Touching The Vein

A friend had an opportunity to read her writing aloud at our MFA residency.  She is well liked and outgoing and we were familiar with her story.  There should have been no surprises; it should have felt like a safe environment. She read an excerpt from her journal about the challenges of raising a daughter with autism when her voice began to quaver. We worried she wouldn’t be able to continue.  As she wiped her eyes, her face registered shock that her own writing was affecting her so. She’s tough,and it wasn’t a new story for her to tell, or even a particularly revealing one.  But it was full of the gritty reality of living with a kid with challenges.  It was a story she tried not to think about because she had no choice but to keep living it. The room pulsed with our need to support her.

She was thousands of miles away from her children who needed her, a home with broken pipes and a farm full of animals , while she chased her dream on a non-existent income.  And yet she came to me the next day wondering what the hell was wrong with her.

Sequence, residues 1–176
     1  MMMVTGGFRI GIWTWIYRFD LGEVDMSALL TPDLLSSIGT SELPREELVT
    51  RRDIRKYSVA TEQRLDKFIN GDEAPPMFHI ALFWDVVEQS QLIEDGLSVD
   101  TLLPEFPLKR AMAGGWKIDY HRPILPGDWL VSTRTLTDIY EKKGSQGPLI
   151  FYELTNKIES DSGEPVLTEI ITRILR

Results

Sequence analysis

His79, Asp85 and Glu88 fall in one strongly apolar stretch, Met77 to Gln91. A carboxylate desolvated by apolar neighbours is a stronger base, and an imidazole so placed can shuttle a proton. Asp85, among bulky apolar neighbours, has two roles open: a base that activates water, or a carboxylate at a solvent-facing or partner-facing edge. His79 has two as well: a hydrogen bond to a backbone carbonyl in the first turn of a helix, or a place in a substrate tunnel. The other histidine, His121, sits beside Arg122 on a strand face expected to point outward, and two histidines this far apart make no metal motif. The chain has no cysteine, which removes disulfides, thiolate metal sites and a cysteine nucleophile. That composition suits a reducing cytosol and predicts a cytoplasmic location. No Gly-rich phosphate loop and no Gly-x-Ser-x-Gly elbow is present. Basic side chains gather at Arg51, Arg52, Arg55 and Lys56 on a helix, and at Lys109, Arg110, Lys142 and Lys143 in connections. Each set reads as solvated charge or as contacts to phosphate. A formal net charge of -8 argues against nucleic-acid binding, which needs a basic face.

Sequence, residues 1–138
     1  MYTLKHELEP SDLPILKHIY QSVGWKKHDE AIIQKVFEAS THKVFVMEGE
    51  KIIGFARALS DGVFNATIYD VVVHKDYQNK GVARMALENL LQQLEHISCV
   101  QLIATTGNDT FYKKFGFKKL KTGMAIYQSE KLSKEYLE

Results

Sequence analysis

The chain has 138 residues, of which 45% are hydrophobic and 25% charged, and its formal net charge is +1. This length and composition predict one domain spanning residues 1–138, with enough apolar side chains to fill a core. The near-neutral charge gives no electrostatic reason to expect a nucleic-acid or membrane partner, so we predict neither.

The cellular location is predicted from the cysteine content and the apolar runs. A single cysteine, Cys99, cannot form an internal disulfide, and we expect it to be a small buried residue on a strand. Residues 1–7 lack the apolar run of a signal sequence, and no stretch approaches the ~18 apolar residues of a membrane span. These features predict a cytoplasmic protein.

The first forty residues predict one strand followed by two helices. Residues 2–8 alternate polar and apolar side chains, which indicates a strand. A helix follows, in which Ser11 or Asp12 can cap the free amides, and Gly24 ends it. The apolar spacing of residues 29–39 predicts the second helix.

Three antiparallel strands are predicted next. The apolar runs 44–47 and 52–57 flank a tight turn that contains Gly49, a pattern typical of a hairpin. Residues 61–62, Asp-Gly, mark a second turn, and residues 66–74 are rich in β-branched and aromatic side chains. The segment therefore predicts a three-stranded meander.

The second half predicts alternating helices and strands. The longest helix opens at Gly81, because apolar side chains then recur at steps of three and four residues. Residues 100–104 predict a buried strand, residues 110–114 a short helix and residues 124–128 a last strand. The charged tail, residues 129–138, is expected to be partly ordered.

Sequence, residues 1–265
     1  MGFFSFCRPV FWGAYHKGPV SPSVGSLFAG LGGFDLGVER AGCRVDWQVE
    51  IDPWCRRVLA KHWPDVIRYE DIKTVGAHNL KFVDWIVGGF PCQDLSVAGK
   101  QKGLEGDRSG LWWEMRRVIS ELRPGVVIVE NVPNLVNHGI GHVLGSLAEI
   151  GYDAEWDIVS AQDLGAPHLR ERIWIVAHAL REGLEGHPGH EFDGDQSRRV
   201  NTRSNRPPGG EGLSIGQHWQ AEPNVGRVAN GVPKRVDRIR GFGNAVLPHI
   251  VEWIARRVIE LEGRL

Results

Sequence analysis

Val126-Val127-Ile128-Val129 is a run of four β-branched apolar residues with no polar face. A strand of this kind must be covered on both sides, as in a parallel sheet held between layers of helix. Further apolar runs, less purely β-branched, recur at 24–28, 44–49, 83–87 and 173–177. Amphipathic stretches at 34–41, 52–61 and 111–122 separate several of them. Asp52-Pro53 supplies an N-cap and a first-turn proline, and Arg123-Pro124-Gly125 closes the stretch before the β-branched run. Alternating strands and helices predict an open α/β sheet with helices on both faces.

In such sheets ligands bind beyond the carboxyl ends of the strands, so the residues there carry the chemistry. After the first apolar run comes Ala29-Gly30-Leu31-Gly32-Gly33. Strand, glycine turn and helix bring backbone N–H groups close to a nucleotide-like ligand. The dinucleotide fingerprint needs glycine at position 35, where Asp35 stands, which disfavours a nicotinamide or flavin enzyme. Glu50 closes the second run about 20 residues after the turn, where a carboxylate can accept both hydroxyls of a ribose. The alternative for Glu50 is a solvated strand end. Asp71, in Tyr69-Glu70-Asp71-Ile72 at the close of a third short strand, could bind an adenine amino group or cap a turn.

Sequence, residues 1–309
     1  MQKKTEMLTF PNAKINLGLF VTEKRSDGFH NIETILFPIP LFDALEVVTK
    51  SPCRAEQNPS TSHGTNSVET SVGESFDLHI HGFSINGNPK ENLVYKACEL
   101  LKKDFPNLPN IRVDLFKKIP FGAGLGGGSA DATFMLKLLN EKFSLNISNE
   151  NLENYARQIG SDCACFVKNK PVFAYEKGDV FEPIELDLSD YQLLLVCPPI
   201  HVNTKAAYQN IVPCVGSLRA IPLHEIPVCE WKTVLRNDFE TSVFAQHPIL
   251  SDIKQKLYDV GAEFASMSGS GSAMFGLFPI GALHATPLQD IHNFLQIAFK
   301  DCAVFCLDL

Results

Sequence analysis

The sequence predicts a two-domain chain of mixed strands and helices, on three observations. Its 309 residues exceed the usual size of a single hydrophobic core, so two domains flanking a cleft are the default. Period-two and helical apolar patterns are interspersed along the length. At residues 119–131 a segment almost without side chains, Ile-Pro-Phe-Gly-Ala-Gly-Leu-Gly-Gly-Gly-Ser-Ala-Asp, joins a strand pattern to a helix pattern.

“I have to get through this.  Reading didn’t used to bother me. I don’t understand why it does now.”

The obvious answer was that she was  over tired and duh… her life is TOUGH.  Besides, reading from a personal journal, no matter how well crafted, is a vulnerable experience. Though it wasn’t “profound”, her writing made us all see what it was like – a window into the challenges she faced – and it was powerful.

Isn’t that why we write?  To be heard?  To reach out so that others understand?  Isn’t  someone to relating enough to cry, or laugh or nod their head the best compliment to us as writers?  Isn’t there magic in the fact that even our own words can reach through our crusty exterior revealing something new?